Our history teaches us never to forget that freedom, tolerance and humanity are not taken for granted, but require the commitment of each and every one of us. That is why we are resolutely fighting hatred, intolerance, discrimination, marginalization and anti-Semitism.
Germany will take over the EU presidency in the second half of 2020. What are your expectations of Germany so that the German EU Council Presidency will also be a success for Europe?
The German Council Presidency will have to be measured by whether it succeeds in setting the right course for the further European unification process. That is a task for any Presidency, but it is now given particular weight in the context of Britain's departure. The continuation of the European unification project is even more urgent today than it was thirty years ago.
The German EU Council Presidency will not least be shaped by the negotiations on future trade relations between the EU and Great Britain. If it is possible to prevent the UK from leaving the domestic market in an unregulated manner on December 31, 2020, that would certainly be a success.
The increase in protectionist measures is weakening our multilateral world order. What is the Konrad-Adenauer-Stiftung's contribution to strengthening multilateralism - now and in the future?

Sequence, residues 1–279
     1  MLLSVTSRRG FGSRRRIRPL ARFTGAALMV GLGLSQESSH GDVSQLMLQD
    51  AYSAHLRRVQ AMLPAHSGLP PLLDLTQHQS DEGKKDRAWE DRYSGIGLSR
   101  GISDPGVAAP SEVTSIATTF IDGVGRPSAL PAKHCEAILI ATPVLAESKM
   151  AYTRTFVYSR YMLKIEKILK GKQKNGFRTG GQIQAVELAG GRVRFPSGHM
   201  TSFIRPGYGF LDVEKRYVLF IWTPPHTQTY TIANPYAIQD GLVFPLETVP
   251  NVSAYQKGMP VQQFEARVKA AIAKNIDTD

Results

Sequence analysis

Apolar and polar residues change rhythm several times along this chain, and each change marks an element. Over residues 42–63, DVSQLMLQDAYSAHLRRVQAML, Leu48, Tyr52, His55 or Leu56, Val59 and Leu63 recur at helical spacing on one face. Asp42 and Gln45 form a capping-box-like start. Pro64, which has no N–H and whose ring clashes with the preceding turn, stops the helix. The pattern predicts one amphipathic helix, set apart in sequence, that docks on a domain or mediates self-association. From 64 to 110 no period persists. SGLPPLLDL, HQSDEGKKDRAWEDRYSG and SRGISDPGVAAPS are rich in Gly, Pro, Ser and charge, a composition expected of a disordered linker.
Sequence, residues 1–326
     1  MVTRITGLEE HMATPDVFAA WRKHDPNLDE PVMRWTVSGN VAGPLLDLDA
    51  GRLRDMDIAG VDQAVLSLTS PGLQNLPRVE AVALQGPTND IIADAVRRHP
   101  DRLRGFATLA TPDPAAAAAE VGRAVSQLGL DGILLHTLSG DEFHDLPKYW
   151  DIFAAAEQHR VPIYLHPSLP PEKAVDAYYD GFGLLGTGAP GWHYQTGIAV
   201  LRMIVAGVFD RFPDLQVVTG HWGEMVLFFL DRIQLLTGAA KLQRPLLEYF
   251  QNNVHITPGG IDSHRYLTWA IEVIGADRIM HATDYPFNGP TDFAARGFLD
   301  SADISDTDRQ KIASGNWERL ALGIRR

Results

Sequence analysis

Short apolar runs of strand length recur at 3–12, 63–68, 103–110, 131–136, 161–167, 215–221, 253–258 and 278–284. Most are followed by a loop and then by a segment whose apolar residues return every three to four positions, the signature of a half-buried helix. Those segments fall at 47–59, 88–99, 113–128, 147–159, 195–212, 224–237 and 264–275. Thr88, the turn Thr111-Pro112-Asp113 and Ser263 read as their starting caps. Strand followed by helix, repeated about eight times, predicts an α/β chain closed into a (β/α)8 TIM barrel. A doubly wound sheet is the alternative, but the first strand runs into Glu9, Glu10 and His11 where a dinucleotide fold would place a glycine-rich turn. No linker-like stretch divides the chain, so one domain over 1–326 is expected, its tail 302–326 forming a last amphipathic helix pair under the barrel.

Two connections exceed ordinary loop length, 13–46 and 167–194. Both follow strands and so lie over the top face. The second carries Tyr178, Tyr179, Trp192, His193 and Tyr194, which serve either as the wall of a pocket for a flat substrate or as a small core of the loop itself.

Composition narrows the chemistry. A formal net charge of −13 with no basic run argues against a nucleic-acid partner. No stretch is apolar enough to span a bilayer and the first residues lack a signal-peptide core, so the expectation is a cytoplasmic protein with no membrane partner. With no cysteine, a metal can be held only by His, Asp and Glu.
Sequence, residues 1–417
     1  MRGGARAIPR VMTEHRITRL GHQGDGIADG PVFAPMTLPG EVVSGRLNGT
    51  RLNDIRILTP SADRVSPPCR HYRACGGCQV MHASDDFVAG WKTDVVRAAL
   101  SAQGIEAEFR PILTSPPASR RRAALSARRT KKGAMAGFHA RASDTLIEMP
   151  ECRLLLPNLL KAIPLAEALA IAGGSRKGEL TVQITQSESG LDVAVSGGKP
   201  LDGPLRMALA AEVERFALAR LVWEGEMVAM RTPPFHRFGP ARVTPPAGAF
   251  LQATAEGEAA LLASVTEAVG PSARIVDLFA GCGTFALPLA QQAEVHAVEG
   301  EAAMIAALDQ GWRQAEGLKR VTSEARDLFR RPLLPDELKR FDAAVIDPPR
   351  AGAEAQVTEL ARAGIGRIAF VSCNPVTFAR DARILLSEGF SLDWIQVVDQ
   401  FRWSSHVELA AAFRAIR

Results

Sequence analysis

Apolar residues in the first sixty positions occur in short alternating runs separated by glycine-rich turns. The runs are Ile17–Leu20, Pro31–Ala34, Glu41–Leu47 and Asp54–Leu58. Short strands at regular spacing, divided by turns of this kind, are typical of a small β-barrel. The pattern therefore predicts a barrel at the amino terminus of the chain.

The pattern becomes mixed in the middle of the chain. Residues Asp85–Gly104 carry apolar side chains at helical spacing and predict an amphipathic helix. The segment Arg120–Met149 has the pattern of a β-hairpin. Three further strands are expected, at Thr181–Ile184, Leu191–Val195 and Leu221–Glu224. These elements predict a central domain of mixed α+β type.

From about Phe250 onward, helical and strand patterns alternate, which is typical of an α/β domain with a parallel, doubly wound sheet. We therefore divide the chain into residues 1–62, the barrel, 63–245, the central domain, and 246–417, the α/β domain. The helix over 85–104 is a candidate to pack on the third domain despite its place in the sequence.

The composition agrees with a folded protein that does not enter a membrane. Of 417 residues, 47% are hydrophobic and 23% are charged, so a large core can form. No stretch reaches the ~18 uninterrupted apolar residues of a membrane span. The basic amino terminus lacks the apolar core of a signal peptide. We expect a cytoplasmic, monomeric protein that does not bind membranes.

We are convinced that the world can only solve the big questions of our time - peace and stability, migration, climate, trade, digital future - together. The Konrad-Adenauer-Stiftung therefore initially conducts a root cause analysis. We ask why multilateralism is currently so fragile and what consequences its displacement through bilateral "deals" (US President Trump) can have for Germany and Europe. We use our more than 100 foreign offices and our international networks.
We know that a functioning multilateral world order is essential for Germany. We want to strengthen the transatlantic dialogue and involve international organizations. We will - especially through our offices at UN locations in New York, Vienna and Geneva - place an increased focus on global challenges, strategic partnerships and multilateral dialogue formats.
We are also accompanying Germany's membership in the 2019/20 UN Security Council with our activities. Because here is an opportunity to bring the “Munich Consensus” - to take on more responsibility in the world - to life. In times of many national and populist solo efforts, multilateralism needs strong legitimacy, especially in Germany.
Thank you for the interview, Prof. Dr. Lammert.
INTERVIEW Sven Lilienström, Founder of the Faces of Democracy initiative
Since it was founded in spring 2017, the Faces of Democracy initiative has been campaigning for a better understanding of democracy, strengthening multilateralism and an open, pluralistic and tolerant society. Almost 80 national and international personalities from politics, media, business and society, including numerous European heads of state and government, support the initiative - they are all the “faces of democracy”.
More information: https://www.faces-of-democracy.org